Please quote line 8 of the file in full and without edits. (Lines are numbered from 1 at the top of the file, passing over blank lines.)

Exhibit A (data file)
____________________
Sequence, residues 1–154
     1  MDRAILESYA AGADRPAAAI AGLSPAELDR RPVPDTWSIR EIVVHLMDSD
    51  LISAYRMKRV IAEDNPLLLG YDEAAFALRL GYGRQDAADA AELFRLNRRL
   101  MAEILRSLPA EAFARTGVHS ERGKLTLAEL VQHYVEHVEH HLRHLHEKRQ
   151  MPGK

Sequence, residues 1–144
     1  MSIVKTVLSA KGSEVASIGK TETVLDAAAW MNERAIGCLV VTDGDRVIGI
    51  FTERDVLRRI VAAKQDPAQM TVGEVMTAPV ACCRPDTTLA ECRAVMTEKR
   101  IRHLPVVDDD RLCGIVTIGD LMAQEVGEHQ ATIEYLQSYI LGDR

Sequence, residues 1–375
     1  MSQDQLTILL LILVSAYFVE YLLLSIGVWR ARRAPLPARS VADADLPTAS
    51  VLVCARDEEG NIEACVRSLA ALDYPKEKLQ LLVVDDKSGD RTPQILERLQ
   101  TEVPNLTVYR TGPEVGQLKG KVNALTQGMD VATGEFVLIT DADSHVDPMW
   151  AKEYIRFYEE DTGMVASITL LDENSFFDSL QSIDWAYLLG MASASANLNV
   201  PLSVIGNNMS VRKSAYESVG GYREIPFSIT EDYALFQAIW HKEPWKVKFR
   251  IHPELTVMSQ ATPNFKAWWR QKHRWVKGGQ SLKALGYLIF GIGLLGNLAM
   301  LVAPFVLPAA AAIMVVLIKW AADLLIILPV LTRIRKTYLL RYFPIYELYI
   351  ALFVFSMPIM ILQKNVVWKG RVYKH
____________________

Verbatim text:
    51  FTERDVLRRI VAAKQDPAQM TVGEVMTAPV ACCRPDTTLA ECRAVMTEKR